Ghana seeks Economic Reforms in the wake of Crude Oil prices falling

March 18, 2015 OPINION/NEWS

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By

Charles Ayitey

Ghana, the second largest economy in West Africa is looking to gain some leeway from what’s been predicted as an ‘economic meltdown’ due to the overwhelming loss of revenue shortfall of approximately $700 million out of the designated $1.2 billion in the previous year’s budget.

This economic hiccup has impacted negatively on Ghana’s medium term prospects. Crude oil prices have been falling since July 2014 resulting in significant declines recorded from the October 2014 estimation of the Petroleum Benchmark Revenue Management Act (PRMA), 2011 (Act 815) which shows  negative economic progress.

The build-up to these developments has convulsed the Government of Ghana, though the Finance Ministry put forward austerity measures to not only resuscitate the economy but prevent future shortfalls.

 

In the presentation of the supplementary budget estimate on the floor of Parliarment, Finance Minister Seth Tepker, outlined:

 

  1. Reduction in expenditure ceilings on goods & services and capital by $972 million and $245.29 million respectively.

  2. Drawdown from the Ghana Stabilization Fund in order to protect social spending.

  3. Reduction of transfers to the Ghana National Petroleum Company (GNPC) from the Government’s carried and participating interest in oil to $132.47 million.

  4. Reduction in total expenditure and arrears clearance for 2015 by 1.5 billion Ghanaian Cedis from 41.2 billion and 39.7 billion Cedis.

 

Other economic corrections include:

 

  1. A drawing of approximately 487.2 million Cedis from the Ghana Stabilization Fund, in line with the formula specified in section 12 of the PRMA, as part of measures to finance the gap.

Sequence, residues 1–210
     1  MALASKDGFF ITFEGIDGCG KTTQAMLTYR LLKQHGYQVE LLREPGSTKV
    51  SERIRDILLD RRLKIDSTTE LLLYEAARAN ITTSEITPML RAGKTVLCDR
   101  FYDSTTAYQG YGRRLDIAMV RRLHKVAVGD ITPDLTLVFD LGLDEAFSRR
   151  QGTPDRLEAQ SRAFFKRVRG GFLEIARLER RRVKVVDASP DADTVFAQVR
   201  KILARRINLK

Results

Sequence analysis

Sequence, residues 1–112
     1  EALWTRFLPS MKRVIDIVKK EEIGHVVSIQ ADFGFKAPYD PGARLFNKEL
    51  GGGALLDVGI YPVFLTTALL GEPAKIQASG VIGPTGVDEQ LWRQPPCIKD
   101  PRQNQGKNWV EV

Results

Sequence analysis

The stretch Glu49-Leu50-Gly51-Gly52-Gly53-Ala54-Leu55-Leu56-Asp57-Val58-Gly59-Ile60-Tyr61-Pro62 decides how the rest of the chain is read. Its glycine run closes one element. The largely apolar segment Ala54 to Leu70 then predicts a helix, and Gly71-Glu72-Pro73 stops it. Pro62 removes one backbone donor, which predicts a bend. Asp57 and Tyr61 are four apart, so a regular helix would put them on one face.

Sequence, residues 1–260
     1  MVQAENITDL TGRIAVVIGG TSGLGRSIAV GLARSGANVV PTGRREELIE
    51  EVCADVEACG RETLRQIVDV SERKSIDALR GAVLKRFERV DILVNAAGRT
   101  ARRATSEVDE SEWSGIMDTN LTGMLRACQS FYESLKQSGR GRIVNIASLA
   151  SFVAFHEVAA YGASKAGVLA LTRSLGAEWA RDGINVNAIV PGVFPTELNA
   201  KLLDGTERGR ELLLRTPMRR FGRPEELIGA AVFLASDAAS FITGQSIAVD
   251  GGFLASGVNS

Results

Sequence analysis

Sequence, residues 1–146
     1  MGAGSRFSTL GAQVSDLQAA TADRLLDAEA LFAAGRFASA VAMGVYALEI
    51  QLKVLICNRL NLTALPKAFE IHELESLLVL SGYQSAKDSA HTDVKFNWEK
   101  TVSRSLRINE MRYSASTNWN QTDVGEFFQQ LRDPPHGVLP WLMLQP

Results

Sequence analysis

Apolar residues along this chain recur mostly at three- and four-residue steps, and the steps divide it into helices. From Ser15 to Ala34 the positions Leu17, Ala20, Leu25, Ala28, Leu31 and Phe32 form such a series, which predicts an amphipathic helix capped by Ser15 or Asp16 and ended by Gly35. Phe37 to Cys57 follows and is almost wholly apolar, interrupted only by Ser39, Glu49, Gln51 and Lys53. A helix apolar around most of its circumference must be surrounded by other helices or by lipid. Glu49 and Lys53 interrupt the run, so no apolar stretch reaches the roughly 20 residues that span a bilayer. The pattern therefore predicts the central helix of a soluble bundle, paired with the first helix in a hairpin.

2. Financing of the fiscal deficit from domestic and foreign sources estimated at 3 billion Cedis.

 

These reforms postulated by the Ghanaian Government closely follow a programme with the International Monetary Fund which has involved four rounds of negotiations from the 19th and 26th of February.

The programme according to the Finance Minister, “…will be supported by a three year Extended Credit Facility arrangement.” This means that “…the proposed access to Fund resources, which is for Balance of Payment support, could total SDR 664 million (approximately US$940 million) or 180 percent of Ghana’s IMF quota.

However, as these fiscal measures are aimed at achieving Ghana’s short-to-medium term fiscal consolidation objectives, concerns have been raised over the feasibility of these policies.

Head of the Minority Finance Committee in parliament, Dr Anthony Akoto Osei has slammed the government over what he describes as “the unpractical fiscal policies” embarked upon by them. He intimates that the government is not just taking rash decisions but questionable ones.

Meanwhile, the supplementary budget estimate presented by Seth Tekper comes in the wake of Ghana’s ailing economy, indicative of a Cedi depreciating over 57%, a huge budget deficit and a debt stock marginally above the 60% benchmark.

 

 

 

 

 

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Charles Ayitey 

Charles Ayitey is from Accra, Ghana and works as a Broadcast Journalist for Business Television Africa.

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